Movie review: Flight
A one-in-a-million pilot struggles with the demon of alcohol, but film is mostly a languid cruise
Posted: February 20, 2013
When it rains, don't (let it) pour. Washington's character saves some 100 passengers but struggles with alcoholism in his own life.
In the first scene of Flight, the first live-action feature master filmmaker Robert Zemeckis has made in more than a decade, Whip Whitaker (Denzel Washington) wakes up in a hotel room one morning.
He is in a bad state, having obviously partied way into the night with the naked girl sprawled out next to him on the bed. To rid him of his hangover, he takes more booze while on the phone to his ex-wife about alimony and in particular their son's need to pay for college. While he's at it, Whitaker snorts some cocaine as well, before putting on his clothes and making his way to the airport. He is a pilot.
But the plane he is about to fly has some serious problems, and once they are in the air on a very short flight from Orlando to Atlanta, they experience not only turbulence, but total hydraulic malfunction. By the time the plane goes into a full nosedive, Whitaker, who has calmed his nerves by imbibing copious amounts of vodka laced with orange juice, decides to turn the plane upside down - as a result, he saves the lives of almost everyone onboard.
The maneuver is labeled a miracle, and in subsequent simulations, using the best pilots around, nobody has the same rate of success in avoiding a catastrophic air crash. But the issue of his cocaine and alcohol use remains a problem, especially since four passengers and two members of crew died, even though nobody else could have done the job as well as he did.
Directed by Robert Zemeckis
With Denzel Washington, Kelly Reilly, Don Cheadle
This brief summary sounds fascinating, and there is rich potential here for a contemplation of the consequences of one's actions and the role of God in all this - the film often has characters whose faith seems to help them along the road to recovery, or at least it comforts them when faced with the unknown, or counterfactuals. However, Flight rather quickly and hopelessly descends into the story of one man faced with the choice of committing perjury by lying about himself and lying to himself by claiming he does not have a drinking problem, or facing up to his dire need of help and owning up to his potentially fatal mistake of being drunk and coked up while responsible for the lives of more than 100 people.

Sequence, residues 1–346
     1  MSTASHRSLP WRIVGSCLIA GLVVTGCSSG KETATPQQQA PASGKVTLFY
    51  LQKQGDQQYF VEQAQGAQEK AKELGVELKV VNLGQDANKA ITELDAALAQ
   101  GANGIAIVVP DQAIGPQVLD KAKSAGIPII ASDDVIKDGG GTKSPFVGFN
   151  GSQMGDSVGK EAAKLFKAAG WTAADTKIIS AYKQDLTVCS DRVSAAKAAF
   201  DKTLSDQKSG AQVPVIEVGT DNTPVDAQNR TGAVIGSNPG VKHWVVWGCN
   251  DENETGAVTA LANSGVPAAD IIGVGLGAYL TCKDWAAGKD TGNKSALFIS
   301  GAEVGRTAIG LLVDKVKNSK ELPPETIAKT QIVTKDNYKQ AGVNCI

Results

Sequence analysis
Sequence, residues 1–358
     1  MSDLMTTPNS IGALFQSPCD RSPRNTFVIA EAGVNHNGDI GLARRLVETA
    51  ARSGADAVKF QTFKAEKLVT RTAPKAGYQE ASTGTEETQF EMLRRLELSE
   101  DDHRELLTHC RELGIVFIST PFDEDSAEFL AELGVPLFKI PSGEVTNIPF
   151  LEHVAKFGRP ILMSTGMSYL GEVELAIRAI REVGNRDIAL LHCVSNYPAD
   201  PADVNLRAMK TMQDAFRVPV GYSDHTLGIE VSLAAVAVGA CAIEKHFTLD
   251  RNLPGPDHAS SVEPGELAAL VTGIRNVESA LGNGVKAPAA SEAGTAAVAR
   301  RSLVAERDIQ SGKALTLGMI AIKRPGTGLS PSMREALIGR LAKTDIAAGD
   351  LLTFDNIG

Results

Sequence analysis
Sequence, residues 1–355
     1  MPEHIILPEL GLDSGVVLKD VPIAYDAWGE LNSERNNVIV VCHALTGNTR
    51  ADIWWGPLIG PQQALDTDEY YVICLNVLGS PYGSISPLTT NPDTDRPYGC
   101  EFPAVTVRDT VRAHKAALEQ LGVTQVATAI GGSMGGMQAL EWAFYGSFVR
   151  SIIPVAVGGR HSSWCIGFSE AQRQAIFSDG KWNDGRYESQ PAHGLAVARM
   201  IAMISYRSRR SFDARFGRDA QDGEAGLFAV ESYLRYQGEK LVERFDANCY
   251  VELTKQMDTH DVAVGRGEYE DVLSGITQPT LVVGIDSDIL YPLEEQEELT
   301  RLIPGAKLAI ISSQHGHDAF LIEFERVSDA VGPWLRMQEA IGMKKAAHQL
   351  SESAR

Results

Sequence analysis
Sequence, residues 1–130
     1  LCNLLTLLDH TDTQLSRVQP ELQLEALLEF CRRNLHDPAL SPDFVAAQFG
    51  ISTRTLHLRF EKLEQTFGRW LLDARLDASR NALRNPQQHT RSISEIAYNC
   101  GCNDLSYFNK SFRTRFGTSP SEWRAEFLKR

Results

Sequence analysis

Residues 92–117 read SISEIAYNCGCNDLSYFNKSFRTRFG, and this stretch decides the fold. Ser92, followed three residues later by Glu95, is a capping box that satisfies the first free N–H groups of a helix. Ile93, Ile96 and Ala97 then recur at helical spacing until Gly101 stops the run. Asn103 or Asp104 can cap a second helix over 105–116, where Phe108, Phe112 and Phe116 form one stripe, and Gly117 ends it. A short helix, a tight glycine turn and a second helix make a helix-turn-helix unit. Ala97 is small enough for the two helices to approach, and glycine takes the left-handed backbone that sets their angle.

Whitaker is obviously living a lonely life. He hasn't had a close relationship with either his wife or his son in years, he gets drunk very often and lashes out at people who want to help him, and there is little hope of recovery on the horizon as he is clearly flying his own plane, seemingly in control of his life.
And while the film's presentation of Whitaker's rocky recovery and his refusal to see his faults clearly is very possibly an accurate depiction of the life of someone in his shoes, Flight never even heads in the direction of a Leaving Las Vegas or a Requiem for a Dream, films about the death spiral that usually results from substance abuse.
Instead, Flight first focuses on a parallel storyline - about a young girl Whitaker meets in the hospital who is addicted to heroin and who might offer him redemption - that all but disappears from the film by the third act. In the grand scheme of the narrative, her role is overemphasized at the beginning given how she just fizzles out of the film by the end. Whitaker's family would have been the obvious point of greatest impact, but Zemeckis - whose Back to the Future trilogy and Forrest Gump have long earned him a place in the record books - fails to utilize this element. There is a single scene of interaction between Whitaker, his ex-wife and their son, and it is very powerful, especially because we realize how strong the son has become as a result of not having lived with his father.
There is little reason for this film to be 137 minutes long. There are multiple instances of compelling cinema, such as the air disaster itself, Whitaker's decision one night at a hotel to drink the little bottle of gin or leave it in the minibar, and Melissa Leo's performance as National Transportation Safety Board investigator Ellen Block questioning Whitaker at the federal agency's hearing. Unfortunately, these scenes are rare, and the rest of the film simply dwells on this character who doesn't seem to have a conscience until the very end, when we expect him to become human again.
André Crous can be reached at